.. NEXT STOP IS VIETNAM: THE WAR ON RECORD: 1961-2008 By the time you get to Huey Lewis and the News’ “Walking on a Thin Line,” on the 10th disc of this astonishing anthology, you need a little bit of Mr. Lewis’s optimistic rasp, even though he’s singing from a post-traumatic-stress perspective: “Taught me how to shoot to kill/A specialist with a deadly skill.” For most of the hours before that point, the mood on this collection can’t help but be somber: there’s a war going on, and it sounds like it might never end. The breadth and depth of the response of the popular music industry to battle may never top the level it reached during Vietnam, when seemingly every shift in the wind produced a spate of new songs. More than 300 selections are here — by one-off recording artists and by folk, rock, country and pop stars — including songs about shipping off to war (Johnnie Wright’s “Hello Vietnam”), questioning the draft (Phil Ochs’s “Draft Dodger Rag”), prisoners of war (Eldon Fault’s “Welcome Home P.O.W.”) and sinful behavior.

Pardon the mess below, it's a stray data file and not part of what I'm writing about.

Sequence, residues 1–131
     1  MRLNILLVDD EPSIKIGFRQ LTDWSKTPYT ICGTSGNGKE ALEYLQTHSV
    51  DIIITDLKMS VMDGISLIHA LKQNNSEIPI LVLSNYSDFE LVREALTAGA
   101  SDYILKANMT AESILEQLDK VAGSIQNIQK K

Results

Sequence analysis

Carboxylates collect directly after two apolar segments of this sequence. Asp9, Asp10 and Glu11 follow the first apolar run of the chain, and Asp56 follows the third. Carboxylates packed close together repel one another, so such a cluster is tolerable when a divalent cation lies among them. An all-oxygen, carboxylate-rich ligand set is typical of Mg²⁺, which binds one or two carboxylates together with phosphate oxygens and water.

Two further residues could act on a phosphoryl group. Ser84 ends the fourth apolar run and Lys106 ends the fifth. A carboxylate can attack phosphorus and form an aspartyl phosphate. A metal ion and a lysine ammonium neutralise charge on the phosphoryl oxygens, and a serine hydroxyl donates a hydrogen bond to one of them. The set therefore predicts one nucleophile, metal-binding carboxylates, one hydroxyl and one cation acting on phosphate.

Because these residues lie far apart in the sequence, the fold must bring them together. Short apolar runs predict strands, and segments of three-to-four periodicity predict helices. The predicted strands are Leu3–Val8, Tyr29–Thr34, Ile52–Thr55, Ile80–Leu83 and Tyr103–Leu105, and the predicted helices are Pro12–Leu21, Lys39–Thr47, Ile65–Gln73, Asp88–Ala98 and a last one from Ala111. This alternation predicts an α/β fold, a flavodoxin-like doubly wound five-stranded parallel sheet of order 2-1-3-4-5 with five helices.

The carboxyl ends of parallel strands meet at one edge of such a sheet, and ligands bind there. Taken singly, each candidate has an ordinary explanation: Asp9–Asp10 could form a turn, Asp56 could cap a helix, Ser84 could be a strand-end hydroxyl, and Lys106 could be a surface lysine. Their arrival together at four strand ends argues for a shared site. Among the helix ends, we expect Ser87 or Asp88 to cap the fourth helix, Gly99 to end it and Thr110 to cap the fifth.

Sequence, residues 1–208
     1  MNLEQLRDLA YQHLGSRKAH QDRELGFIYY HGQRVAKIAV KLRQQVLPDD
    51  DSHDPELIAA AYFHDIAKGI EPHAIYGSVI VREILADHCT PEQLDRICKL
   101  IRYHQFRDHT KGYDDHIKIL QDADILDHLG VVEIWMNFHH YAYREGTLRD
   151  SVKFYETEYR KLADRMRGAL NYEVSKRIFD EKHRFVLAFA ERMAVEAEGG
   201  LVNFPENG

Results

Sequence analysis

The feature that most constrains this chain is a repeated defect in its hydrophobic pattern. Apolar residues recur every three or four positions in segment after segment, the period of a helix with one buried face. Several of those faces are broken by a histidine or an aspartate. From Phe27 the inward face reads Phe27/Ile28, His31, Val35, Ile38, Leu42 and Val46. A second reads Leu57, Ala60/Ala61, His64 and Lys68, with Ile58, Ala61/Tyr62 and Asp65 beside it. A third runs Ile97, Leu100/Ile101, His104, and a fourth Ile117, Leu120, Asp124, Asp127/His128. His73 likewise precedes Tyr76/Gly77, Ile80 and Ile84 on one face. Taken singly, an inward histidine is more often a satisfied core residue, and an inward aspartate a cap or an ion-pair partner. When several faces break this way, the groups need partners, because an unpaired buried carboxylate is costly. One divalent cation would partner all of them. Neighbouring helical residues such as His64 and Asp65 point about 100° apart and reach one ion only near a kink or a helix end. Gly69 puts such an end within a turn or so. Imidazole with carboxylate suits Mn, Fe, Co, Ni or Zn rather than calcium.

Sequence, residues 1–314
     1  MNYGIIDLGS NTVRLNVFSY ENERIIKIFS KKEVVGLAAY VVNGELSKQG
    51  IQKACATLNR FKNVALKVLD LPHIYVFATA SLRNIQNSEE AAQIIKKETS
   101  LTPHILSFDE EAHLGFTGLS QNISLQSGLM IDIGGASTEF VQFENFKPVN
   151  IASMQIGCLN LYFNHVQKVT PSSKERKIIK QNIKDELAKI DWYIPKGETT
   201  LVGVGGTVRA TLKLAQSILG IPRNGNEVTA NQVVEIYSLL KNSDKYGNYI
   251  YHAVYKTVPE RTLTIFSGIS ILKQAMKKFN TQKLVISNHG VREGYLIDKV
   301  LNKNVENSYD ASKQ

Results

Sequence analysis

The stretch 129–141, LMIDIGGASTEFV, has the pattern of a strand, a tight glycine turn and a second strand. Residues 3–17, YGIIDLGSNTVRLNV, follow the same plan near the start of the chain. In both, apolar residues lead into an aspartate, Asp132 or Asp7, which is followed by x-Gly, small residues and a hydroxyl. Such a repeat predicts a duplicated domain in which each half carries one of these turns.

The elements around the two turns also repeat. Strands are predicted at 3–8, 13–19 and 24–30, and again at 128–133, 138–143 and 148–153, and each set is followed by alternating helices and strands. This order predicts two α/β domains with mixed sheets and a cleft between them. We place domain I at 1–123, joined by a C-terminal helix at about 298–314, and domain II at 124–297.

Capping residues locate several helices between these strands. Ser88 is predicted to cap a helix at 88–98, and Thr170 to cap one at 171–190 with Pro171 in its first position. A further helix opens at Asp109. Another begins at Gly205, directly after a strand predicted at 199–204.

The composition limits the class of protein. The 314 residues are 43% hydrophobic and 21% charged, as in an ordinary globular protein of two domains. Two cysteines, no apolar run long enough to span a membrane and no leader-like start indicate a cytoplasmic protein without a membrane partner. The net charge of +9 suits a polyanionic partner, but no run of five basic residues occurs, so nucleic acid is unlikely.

There are those sung by off-duty pilots (the Merrymen’s “Saigon Girls”) and about the Kent State shootings (the Beach Boys’ “Student Demonstration Time”), as well as snippets of political speeches and military radio broadcasts and, of course, “Give Peace a Chance.” Many of the tracks were on small labels, probably doomed to be lost without the very heavy work of collecting and contextualizing on display here. (The accompanying book has most of the stories behind the songs, photos and essays.) It’s hard not to think of 2010 while listening to these songs. More than nine years have passed since the first strikes in Afghanistan, and more than seven since the invasion of Iraq; apart from some Nashville jingoism and a handful of recordings by soldiers, war and its ravages feel like taboo topics. What will tomorrow’s archivists do when there’s nothing to collect? (Bear Family, 13 CDs, $289.98) JON CARAMANICA
NEW YORK TIMES 26.11.2010